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Case Study London Councils

Boroughs share benefits of Operation Scrap-It



Operation Scrap-It was a high profile project developed by London Councils. It successfully tackled the problem of abandoned vehicles during a two-year period, but was designed to develop partnerships that could go on reducing crime and disorder long-term.

In 2002/3, more than a third of England’s abandoned vehicles were in London. Already a costly business, disposing of vehicles was set to get more expensive as the End of Life Vehicle (ELV) Directive increased the numbers abandoned.

London Councils set to work to speed up the removal of abandoned vehicles on behalf of the 33 councils in London – an approach that has now been taken up nationally. It also set to increase funding to tackle nuisance vehicles, train staff and promote legislation through the 8th London Local Authorities Act 2004.

£13.5m to change behaviour


The two-year project, part of the Government's Together campaign, received £13.5m from the Home Office Anti-social Behaviour Unit. It ran from October 1, 2003 to September 30, 2005, with the aim of changing public attitudes towards taxing vehicles and to getting rid of them responsibly.

"Local authority budgets would not have been able to attain or sustain the level of activity needed for the project. There were very practical benefits from working as a consortium, including being able to buy equipment, such as clamps, at bulk prices." - Colin Sims, Service Development Officer



One of the elements of the scheme was a free take-back service, signed up to by the London boroughs, who received £30 per vehicle from the London Councils funding. Boroughs offered either a designated disposal point or a managed collection scheme. A budget of £2.2m allowed for 73,000 vehicles to be disposed off throughout the life of the project.

A drop in vehicle licence evasion


"The project experienced more work at the beginning but then dropped off as people realised that the councils were taking action against the problem. DVLA experienced a drop in vehicle licence evasion that was greater in London than elsewhere in the country" - Colin Sims



Scrap-It also provided £9m for enforcement, complementing existing borough budgets for tackling abandoned and untaxed vehicles. Funds were prioritised for areas with the biggest problems.

A fast turnaround for vehicle removal was seen as an important element, but one that also called for storage space – something in short supply, especially in the north-west of the city. Funding was made available to provide temporary storage spaces in appropriate locations.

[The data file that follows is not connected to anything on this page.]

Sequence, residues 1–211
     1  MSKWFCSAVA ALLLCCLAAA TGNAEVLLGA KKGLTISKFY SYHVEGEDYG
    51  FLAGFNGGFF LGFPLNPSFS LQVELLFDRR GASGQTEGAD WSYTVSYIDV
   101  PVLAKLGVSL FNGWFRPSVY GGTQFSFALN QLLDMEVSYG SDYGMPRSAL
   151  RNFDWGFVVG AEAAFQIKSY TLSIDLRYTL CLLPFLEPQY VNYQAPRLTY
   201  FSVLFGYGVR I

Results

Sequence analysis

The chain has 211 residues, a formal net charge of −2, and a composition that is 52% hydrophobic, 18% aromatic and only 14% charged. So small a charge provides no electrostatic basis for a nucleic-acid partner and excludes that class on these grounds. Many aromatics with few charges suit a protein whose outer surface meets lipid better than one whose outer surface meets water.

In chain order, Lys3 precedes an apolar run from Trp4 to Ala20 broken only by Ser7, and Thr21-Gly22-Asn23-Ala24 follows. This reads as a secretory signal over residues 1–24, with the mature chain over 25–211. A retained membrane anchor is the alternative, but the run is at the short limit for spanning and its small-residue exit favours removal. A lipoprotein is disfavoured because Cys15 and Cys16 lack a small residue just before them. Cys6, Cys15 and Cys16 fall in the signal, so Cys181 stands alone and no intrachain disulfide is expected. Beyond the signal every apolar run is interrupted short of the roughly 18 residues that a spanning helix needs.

Various local authorities have continued to enforce against untaxed vehicles in addition to their activity against abandoned vehicles, to the extent that their budgets will allow since the project stopped.

Court prosecutions


Prosecutions were vital to ensure that the programme deterred offenders. London Councils recognised that abandoning a vehicle was not an easy offence to prove in court, but some boroughs demonstrated excellent practice.

Both the London Borough of Camden and the London Borough of Enfield had success in prosecuting registered keepers, although the scheme was aware that the financial implication of court cases limited what many boroughs could do.

Training courses on abandoned vehicles legislation and conflict management were run throughout March 2004, with separate courses geared towards the needs of managers, frontline staff and administrative staff. More than 150 people from all 33 boroughs attended the training.

"London Councils and the Home Office agreed a set of performance indicators, which London Councils reported on monthly. Boroughs had to report back promptly as funding was dependent on performance" - Colin Sims



Two-stage publicity campaign


The scheme set a budget of £300,000 for a two-stage publicity campaign. The first stage focused on the free take-back service and was kick-started by radio and other media, with the slogan If your car’s had it, we’ll have it. A website was developed and launched at the same time. Boroughs were provided with leaflets advertising the project and artwork so that they could do their own more local promotional work.

The campaign directed people to their local borough but also generated 908 telephone enquiries at the helpdesk in March and April. During the same period, there were 4,162 viewings of the website.

The second stage of the campaign, Bangers and Mash, officially launched the scheme and promoted the enforcement regime.

During the time of the Scrap-It campaign, vehicle licence evasion in London dropped by more than four per cent. Although some of the credit has to go to the DVLA’s introduction of continuous registration, the reduction was more noticeable in London than anywhere else in the country. This total drop meant an increase in income to the Treasury of around £22m.

For more information, please contact Colin Sims at Colin.Sims@LondonCouncils.gov.uk